An anecdote is mentioned by Gordon so characteristic of the chivalry of Captain Butler, that we cannot doubt its correctness. That he offered to determine the rights of the respective claimants by a contest of thirty men to be selected by each party. Had not Amos Ogden been wounded, his spirit would have bounded with joy to the contest. Captain Ledlie, who was on his march, met the retiring array of his discomfited friends, from whom he received an accession of eight or ten men, best acquainted with the valley, to act as guides, and as he was not included in the capitulation, continued his advance and took up a position on the mountain, intending to remain until he should receive orders to retreat, or a powerful reinforcement should be sent to his support. In the meantime he guarded the passes most frequented by the emigrating Yankees, who apprised of his position, evaded his sentinels, and every day added to the number of the Connecticut settlers. This great victory, achieved over a superior force with a sacrifice, comparatively so inconsiderable, established an entire confidence in the ultimate success of the Yankee cause; and Captain Butler was hailed as a savior of Wyoming. His name was now a host, and multitudes flocked to the valley under protection of his standard.

Foiled in every attempt to establish a post on the disputed lands; becoming, daily, more and more unpopular as the difficulties with Great Britain and the colonies increased, the proprietary government ordered the return of Captain Ledlie, and left the Susquehanna Company in undisturbed possession of the ground, who forthwith proceeded with all practical celerity to increase their settlements, and consolidate their power.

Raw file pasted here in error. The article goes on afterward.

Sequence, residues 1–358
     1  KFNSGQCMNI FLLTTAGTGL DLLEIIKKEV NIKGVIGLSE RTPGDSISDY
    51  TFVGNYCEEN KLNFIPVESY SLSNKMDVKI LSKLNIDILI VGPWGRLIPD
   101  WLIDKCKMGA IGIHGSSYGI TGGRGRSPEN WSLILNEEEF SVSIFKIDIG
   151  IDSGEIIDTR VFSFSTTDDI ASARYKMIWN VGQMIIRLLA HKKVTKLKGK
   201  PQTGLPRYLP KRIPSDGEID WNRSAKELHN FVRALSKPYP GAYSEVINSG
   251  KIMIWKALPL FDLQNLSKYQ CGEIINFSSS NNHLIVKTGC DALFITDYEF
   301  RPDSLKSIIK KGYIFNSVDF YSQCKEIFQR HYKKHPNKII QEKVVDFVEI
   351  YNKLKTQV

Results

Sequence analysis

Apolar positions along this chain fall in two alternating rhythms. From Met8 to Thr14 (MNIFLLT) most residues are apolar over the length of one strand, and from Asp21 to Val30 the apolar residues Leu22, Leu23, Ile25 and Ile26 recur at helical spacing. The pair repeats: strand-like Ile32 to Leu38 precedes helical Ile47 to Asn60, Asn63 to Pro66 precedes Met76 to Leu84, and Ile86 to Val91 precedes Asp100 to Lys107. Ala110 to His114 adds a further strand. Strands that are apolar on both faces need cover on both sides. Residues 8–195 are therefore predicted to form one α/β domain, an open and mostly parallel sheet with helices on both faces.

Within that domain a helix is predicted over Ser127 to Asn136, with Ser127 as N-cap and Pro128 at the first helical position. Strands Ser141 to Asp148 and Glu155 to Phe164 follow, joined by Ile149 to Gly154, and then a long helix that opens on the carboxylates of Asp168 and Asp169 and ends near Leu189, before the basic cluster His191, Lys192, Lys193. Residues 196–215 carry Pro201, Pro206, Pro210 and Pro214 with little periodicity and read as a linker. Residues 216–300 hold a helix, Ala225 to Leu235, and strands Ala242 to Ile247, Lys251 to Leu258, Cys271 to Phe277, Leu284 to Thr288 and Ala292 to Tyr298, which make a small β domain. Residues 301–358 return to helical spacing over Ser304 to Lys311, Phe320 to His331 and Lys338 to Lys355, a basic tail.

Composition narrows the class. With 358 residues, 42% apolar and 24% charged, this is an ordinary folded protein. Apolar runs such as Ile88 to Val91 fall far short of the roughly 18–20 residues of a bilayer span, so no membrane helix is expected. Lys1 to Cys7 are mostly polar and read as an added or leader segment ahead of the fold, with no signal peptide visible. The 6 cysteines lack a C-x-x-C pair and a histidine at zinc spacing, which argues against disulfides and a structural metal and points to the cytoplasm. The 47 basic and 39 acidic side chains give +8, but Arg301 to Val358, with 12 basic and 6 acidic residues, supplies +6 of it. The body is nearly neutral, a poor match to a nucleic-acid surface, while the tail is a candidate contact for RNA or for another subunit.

Thus closes the first Pennimite and Yankee war. Commencing in January 1769, it had continued, with what variety of incident, and alteration of success, the reader is apprized, to Sept. 1771-a period of nearly three years.

Judging, and probably not without truth, from the boldness and confidence of the proceedings of the intruding Yankees, that they were encouraged and sustained by the government of Connecticut, Mr. Hamilton, president of counsel, on abandoning all military demonstrations, opened a correspondence with Gov. Trumbull, upon the subject. In a letter, dated October 4, 1771, after detailing the events that had transpired at Susquehanna, he proceeds:-

"As the people concerned in these violent and hostile measures, profess to act under the authority of your government, and I have made a capitulation expressly on behalf of the government, I have thought it proper and expedient to send a messager to your honor, on purpose to know, with certainty, whether they have proceeded in any sort under your countenance or authority, or that of your assembly, and as this must be a matter within your knowledge, I make no doubt but you will dispatch the express with a speedy answer."

In reply, Captain Trumbull thus cautiously and ingeniously expresses himself.

"New Haven, October 14, 1771.

"The persons concerned in those transactions have no order and no direction from me, or from the General Assembly of the colony, for their proceeding under this occasion, and I am very confident that the General Assembly, friends as they ever have been toward peace and good order, will never countenance any violent, much less hostile measures, in vindicating the right which the Susquehanna Company suppose they have to the lands in that part of the country within the limits of the charter of this colony."

The reader will, particularly, note the concluding line, in which the assumption is absolute, that the part of the "country is within the limits of the charter of Connecticut." Such an official declaration at the time was well calculated to encourage new emigrations, and strengthen the hands of the settlers.

Gov. Trumbull then proceeds to say, that each of the contending parties, it is understood, charged on the other the commencement of violence, of which he was not a proper judge. Here for the present, negotiations ended, to be renewed as will appear, a few years after, at a more propitious period.